One in ten students in rural areas will finish primary school.
Maluba, Uganda – Gracious Omondi invigilates the classroom. With incessant, searching eyes, he zigzags the only quarter filled, unpainted room, looking out for the wandering gaze of a student. It’s the final week of the third term exams at Victoria View Academy in Maluba, a small fishing village in Uganda.
He has been teaching for more than 10 weeks now in the small classroom near the shores of Lake Victoria. Today, it is time for the students to reap what they’ve sown these past weeks. Wearing a dark green shirt and gripping a thick wooden stick, Omondi patrols the classroom. It’s a maths exam, and he knows all too well that the students seated before him have no affinity for the subject.
In spite of his belligerent demeanor, Omondi is deeply troubled. Here in Maluba, education is facing a steep decline.
“At the start of the term, we had 150 students enrolled in this school. Today, the ones doing the exams are only 30,” he says, shaking his head despairingly. “Where are the other 120?”
Swapping pens for nets
In this tiny village, Lake Victoria provides a livelihood for most of the inhabitants. As daylight breaks, buyers flood into Maluba from the surrounding urban areas of this landlocked country to satisfy their demand for fish from the bounty of the lake.
But in spite of their economic leverage, the villagers’ literacy levels have reached an all-time low. Children are increasingly dropping their pens and picking up their fishing nets as they find that financial sustenance is far more important than education.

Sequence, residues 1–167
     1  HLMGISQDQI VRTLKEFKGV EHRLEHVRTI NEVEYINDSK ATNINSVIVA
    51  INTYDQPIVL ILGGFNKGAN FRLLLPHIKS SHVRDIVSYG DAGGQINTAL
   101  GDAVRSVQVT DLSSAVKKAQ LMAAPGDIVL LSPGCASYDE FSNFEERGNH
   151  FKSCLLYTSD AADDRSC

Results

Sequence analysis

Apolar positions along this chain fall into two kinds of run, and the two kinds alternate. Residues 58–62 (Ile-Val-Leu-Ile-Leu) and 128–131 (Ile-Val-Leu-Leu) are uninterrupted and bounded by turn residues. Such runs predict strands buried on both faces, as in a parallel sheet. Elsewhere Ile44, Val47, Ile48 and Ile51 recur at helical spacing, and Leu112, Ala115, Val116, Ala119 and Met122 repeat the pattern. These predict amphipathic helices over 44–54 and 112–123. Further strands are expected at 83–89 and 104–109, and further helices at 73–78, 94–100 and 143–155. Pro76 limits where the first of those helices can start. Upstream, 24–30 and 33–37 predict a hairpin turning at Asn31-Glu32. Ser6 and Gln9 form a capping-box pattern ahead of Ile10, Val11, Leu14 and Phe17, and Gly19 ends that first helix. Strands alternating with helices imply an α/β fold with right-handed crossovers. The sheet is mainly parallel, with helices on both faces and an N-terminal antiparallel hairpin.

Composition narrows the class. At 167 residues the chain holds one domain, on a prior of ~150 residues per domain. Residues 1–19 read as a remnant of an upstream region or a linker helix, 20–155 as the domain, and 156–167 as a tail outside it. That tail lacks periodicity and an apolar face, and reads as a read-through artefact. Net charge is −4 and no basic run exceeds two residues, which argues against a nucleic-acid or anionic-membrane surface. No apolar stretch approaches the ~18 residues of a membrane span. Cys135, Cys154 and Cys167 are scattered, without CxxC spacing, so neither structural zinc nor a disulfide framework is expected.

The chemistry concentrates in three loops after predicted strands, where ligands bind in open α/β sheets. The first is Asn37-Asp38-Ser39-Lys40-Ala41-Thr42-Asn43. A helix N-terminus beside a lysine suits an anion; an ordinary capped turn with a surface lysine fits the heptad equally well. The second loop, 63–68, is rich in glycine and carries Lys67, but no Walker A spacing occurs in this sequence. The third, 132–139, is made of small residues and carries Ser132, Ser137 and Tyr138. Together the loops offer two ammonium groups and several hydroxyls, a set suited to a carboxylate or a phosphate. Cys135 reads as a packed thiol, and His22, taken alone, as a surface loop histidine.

Parents who have grown up selling fish from the shores of the lake often show little concern for what goes on inside the classrooms and it is a mind-set that is being passed on to the younger generation. Some parents are even encouraging their children to give up their education and take up fishing.
Like an orchestra, the villagers sing jovially, with women ululating at the sight of their sons returning with fish-filled buckets.
Asman Sizeh used to be a student of Omondi’s – until he dropped out of school. The teacher had high hopes for the 14-year-old, imagining him as an example that could help to draw other young boys back into the classroom.
But Sizeh chose the profession of his father. Being a fisherman seemed to offer more rewards than sitting in a classroom. For, despite his good grades, Sizeh had a different dream – one that led him onto a wooden boat floating atop the calm waters of Lake Victoria.
A ‘brilliant brain’
“My parents grew up fishing, and they all had a good life – [they’re] happy. Why should I go to school?” asks Sizeh as he untangles and then spreads his old grey fishing net. For him, sitting behind a wooden desk in a stonewalled building is a waste of time.
“Fishing gives me a lot of money. If I chose to stay at home or go to school, I wouldn’t get such an income,” he says.
Once the best in his class, Omondi describes him as a “brilliant brain” – but it is one the school has lost.
Sizeh heads towards his boat and settles in, making sure he’s got everything he needs before joining his fellow fishermen out on the lake. Slowly, he paddles out of sight.
Five hours pass before the boy rows back to shore and jumps out of the boat with his earnings for the day.
His younger brother rushes over to help unload the fish into a basket and then dashes towards the grounds of the makeshift marketplace. Sizeh is well-known in the bustling market, where fishermen and vendors gather to haggle for the best prices. Village women rush over to him and the other fishermen to buy the fish that they will later resell to the buyers from the towns and cities.